Free Florida Payroll Tax Calculator and FL Tax Rates

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Updated: May 23, 2022

Around 2.3 million small business owners are making a living in Florida. Whether you’re selling flamingo t-shirts to tourists, pressing the best Cuban sandwich in Miami, or helping snowbirds with their estate planning there’s one thing you’ve got to get right: payroll taxes. This paycheck calculator can help you do the math for all your employee and employer payroll taxes (and free you up to do what you do best).


Here’s how it works. Simply enter wage and W-4 information for each employee. Our calculator will figure out your gross pay, net pay, and deductions for both Florida and Federal taxes.



See Florida tax rates


Federal Payroll Taxes

While a 0% state income tax is saving you from some calculations, you are still responsible for implementing federal payroll taxes. Luckily, our Florida payroll calculator is here to assist with calculating your federal withholding and any additional contributions your business is responsible for.


Here’s a quick overview of what you need to know when you’re calculating federal payroll taxes. If you would like to see each step in detail, you can click here to read our step-by-step federal income tax guide.


  • Calculate Employee Gross Wages:
    • For all your hourly employees, multiply their hours worked by the pay rate…and don’t forget to increase the rate for any overtime hours worked!
    • For all your employees on salary, divide each employee’s annual salary by the number of pay periods you have.
  • Calculate Pre-Tax Withholdings (if any):
    • If your employee contributes to a Flexible Spending Account (FSA), 401(k) retirement savings account, or any other eligible pre-tax withholding accounts, subtract the amount from their gross pay prior to applying payroll taxes.
  • Deduct Federal Income Tax:
    • Federal income tax ranges from 0% to 37%. Further withholding information from the IRS can be found here.
  • Deduct and Match FICA Taxes:
    • Social Security Tax: You will need to withhold 6.2% of each employee’s taxable wages up until they have reached a total earning of $147.000 for that year. As an employer, it is your job to match this tax.
    • Medicare Tax: You will also need to withhold 1.45% of each employee’s taxable wages up until they have reached a total earning of $200,000 for that year. You will need to match this tax as well. For employees who earn salaries above $200,000, withhold an Additional Medicare Tax of 0.9%. Only the employee is responsible for paying the Additional Medicare Tax.
  • Pay FUTA Unemployment Tax:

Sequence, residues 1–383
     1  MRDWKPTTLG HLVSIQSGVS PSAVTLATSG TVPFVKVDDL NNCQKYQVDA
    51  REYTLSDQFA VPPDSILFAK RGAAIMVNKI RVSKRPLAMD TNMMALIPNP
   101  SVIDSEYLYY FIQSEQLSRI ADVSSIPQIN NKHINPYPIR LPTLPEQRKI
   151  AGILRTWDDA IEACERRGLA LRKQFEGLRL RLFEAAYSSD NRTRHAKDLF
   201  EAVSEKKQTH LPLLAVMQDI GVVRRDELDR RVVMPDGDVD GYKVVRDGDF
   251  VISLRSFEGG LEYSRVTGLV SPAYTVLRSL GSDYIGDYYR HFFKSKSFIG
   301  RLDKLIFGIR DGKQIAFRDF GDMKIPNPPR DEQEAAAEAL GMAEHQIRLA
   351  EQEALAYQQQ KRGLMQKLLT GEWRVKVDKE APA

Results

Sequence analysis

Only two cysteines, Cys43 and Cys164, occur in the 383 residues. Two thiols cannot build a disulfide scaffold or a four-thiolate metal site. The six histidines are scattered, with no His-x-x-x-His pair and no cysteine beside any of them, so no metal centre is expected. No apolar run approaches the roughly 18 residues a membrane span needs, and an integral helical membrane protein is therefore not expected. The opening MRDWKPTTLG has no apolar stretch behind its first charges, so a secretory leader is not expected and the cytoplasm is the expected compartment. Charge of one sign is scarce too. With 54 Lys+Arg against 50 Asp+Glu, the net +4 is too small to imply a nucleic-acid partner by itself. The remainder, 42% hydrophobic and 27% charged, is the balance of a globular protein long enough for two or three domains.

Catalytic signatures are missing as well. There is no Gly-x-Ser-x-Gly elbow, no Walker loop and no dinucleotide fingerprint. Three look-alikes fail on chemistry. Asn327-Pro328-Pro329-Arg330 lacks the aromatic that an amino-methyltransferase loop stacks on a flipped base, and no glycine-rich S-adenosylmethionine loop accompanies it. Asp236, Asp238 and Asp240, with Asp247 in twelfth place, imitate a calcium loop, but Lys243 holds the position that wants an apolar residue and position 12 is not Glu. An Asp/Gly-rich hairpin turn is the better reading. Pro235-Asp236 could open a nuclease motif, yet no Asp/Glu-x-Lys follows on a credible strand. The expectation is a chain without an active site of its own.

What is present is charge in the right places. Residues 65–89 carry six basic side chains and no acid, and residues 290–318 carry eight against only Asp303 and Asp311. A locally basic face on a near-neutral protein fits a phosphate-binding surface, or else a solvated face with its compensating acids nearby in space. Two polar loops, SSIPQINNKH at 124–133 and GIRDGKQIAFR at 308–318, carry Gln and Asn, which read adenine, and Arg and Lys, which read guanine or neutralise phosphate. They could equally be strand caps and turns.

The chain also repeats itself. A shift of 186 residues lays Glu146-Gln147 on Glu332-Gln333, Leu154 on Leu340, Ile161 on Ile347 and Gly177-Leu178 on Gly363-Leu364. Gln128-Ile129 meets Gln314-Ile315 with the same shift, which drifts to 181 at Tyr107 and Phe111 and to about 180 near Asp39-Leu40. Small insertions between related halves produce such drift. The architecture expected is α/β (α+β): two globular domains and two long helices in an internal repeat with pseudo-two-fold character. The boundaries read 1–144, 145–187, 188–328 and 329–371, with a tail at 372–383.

• You as the employer will pay 6% of each employee’s first $7,000 of taxable income. If you pay state unemployment taxes, you are eligible for a tax credit of up to 5.4%. Employees are not responsible for paying the FUTA tax.
  • Subtract Post-Tax Deductions (if any):
    • You may need to deduct court-ordered wage garnishments, child support, post-tax contributions to savings accounts, elective benefits, etc.

Florida Payroll Taxes

You already know that the State of Florida charges 0% income tax. And even better, no cities within Florida charge a local income tax. All of which means less work for you.


However, this doesn’t mean you’re in the clear, because you still have to pay State Unemployment Insurance, AKA Reemployment Tax.


  • Calling all employers: this bill is on you.
    • For new employers, the tax rate is 2.7%, which is applied to the first $7,000 in wages per employee a year. Any amount over that is not subject to tax.
    • Those taking over a business from a previous owner are eligible to take the previous owner’s rate.
    • Rates for employers who have been in business for more than 10 quarters can range from 0.10% (or $7.00) to 5.4% (or $378) per employee.
  • Return and Payment Information
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Now Cut Those Checks!

First, pay your employees. Then, it’s time to celebrate. Pop open a bottle of bubbly. Take a bite of that chocolate bar. Sing “Celebration” the whole way home. Splash around the Atlantic. Whatever it is you need to do to celebrate, do it because you’ve just mastered payroll taxes!


Disclaimer: Make sure you’ve set aside the amount your company needs to pay in federal taxes: FICA and UI are not your friends if you let those bills pile up. Federal tax filings are due through Forms 940 (annually) and 941 (quarterly), but deposits can be made on an ongoing basis through the EFTPS payment system. You can learn about the IRS tax due dates here.


Additional Florida Payroll Tax Resources:

Though our calculator can do most of the work, here are some helpful links to further your understanding of payroll in Florida.


Florida Department of Revenue: (800) 352-3671 | Register as an Employer: Form DR-1 | Information for Businesses and Employers | Reemployment Tax

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